Two app developers lay building blocks to success
So you have a great idea for a smartphone app. Who doesn’t?
Turning that idea into a sustainable company takes know-how from technology to finance to pitching to investors.
Two local entrepreneurs believe they have viable apps and are working to attract investors.
Miramar-based music producer Erik Mendelson has developed uRemix, an app that enables users to remix parts of Top 100 songs with their own voice.
The app “allows you to take Lady Gaga’s voice and Metallica’s instrumental and mix it into an original song,” Mendelson said.
His business partners include Platinum selling rapper Mims and Winston “Blackout” Thomas, a Grammy award-winning movie producer.
uRemix is still in beta testing, but Mendelson said he knows there is consumer demand for remixing and sharing. He points to SoundCloud, an application that allows users to upload and share sounds, which is valued at about $700 million.
“Unlike SoundCloud, our software allows for the creation of music,” Mendelson said.
He’s also developing a second app, RecordGram, which he describes as “a free studio in the palm of your hand.” Users can buy music, record music or voice, add video and share it on their phone.
In Coconut Creek, construction company owner Jaysen Lima has developed an app called DL Alert Pro, which monitors a driver’s license to make sure it has not been suspended.
Lima said many people are unaware that their licenses have been suspended, because they miss the notification in the mail or they’ve moved. For Lima, a forgotten 30-cent road toll turned into nearly a $700 expense due to fines, towing and license renewal fees.
The suspension “came as a shock,” Lima said. But it also gave him the idea for the app.
Florida drivers also can find their license suspended for other reasons, such as non-payment of child support, he said.
His company has been monitoring drivers’ licenses in Florida and recently added Minnesota and Missouri. The app has been available for about three months at the Apple store and Google Play and has about 1,200 users.
DL Alert Pro costs $5.99 a year on Apple devices and 99 cents a month for Android users. A free version is available that enables you to check your license manually.
Now Lima envisions a more lucrative market for his app: companies that hire drivers for their fleets of truck or cars. Advice to address that market came from John Kemp, a mentor at DSX Labs in Boca Raton.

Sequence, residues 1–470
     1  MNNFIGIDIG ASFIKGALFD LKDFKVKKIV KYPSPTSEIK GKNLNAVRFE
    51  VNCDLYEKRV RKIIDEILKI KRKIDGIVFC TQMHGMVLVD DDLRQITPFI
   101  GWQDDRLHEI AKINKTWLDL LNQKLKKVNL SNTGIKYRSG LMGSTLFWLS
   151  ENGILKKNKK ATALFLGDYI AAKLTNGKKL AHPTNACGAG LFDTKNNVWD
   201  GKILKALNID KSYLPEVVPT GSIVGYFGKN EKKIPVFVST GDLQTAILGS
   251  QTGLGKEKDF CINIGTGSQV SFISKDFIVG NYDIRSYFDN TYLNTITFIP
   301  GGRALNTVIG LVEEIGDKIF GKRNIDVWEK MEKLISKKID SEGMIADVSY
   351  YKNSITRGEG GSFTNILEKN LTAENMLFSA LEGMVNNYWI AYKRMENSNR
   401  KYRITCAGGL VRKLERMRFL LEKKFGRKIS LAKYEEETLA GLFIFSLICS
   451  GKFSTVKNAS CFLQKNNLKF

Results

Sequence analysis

Kemp said a big moving company, for example, would want to know for liability and insurance reasons whether their drivers’ licenses had been suspended.
DL Alert Pro “is a nice tool. I think it will go places,” he said.
These two app startups stand out because they have products ready to go, with an identified target market, local experts say.
That’s often not the case, said Dan Gudema, a partner in DSX Labs. “Most of the time we talk with ventures and they’re just a theory. Even with a lot of capital, they don’t have a product or a service.”
Like any business, app developers need to start their businesses by defining their market.
“You want a market looking for a technology, not a technology looking for a market,” Gudema said.
Rob Strandberg, chief executive of Enterprise Development Corp. in South Florida, who often reviews business plans for “angel” investor groups, said the sizable mobile app market is attractive to would-be entrepreneurs. U.S. mobile app downloads and purchases in 2014 were $6 billion, or 20 percent of all worldwide spending, according to Forrester Research.
“Every month these groups are looking at 40 business plans just in Florida, and at any point in time 30 percent are mobile apps,” he said.
Strandberg said app developers need to demonstrate they have followers, downloads and a business model that makes money. He said developing several streams of revenue is often the best approach.
Gudema said he asks startups that come to DSX Labs how they can make money — today. “Find a way to make money. Is there a way you can make money right now? If there isn’t, the [venture] won’t get off the ground,” he tells them.
The entrepreneurs said they’re finding help in developing their companies through a growing network of incubators, accelerators and technology events in South Florida.
“The technology scene in South Florida has really matured. In the past, I would have to go to New York or San Francisco to meet people in my space,” Mendelson said.
uRemix, whose business plan won the Miami Music Summit in 2014, is one of 32 start-up companies that will vy for investor attention Tuesday at the Gold Coast Venture Capital Expo in Boca Raton.
Lima recently make a presentation of his driver’s license app at DSX Labs. Gudema said DL Alert Pro has a “personalized story with it that seemed to get a lot of attention from investors.”
He said uRemix has a unique product that has solid backing from people in the music industry.
“It’s all about the connections,” Gudema said. “If you make the right connection, you can get your application sold.”
Entrepreneurs who don’t have technology backgrounds have to rely on others to develop their apps. Mendelson outsourced development to engineers in India and Pakistan, while Lima works with an IT developer in Honduras.
“I have no problem with going offshore — it’s very low cost. But you have to reference them,” Strandberg said.
Entrepreneurs should be careful about their choice, even if they have the money to blow.
Gudema said he has seen startups spend hundreds of thousands of dollars on development and not end up with a product.
“This is very common in Boca. There’s always a Svengali — I know what I’m doing, give me this money. A year later they’ve spent $300,000 and they have nothing,” he said.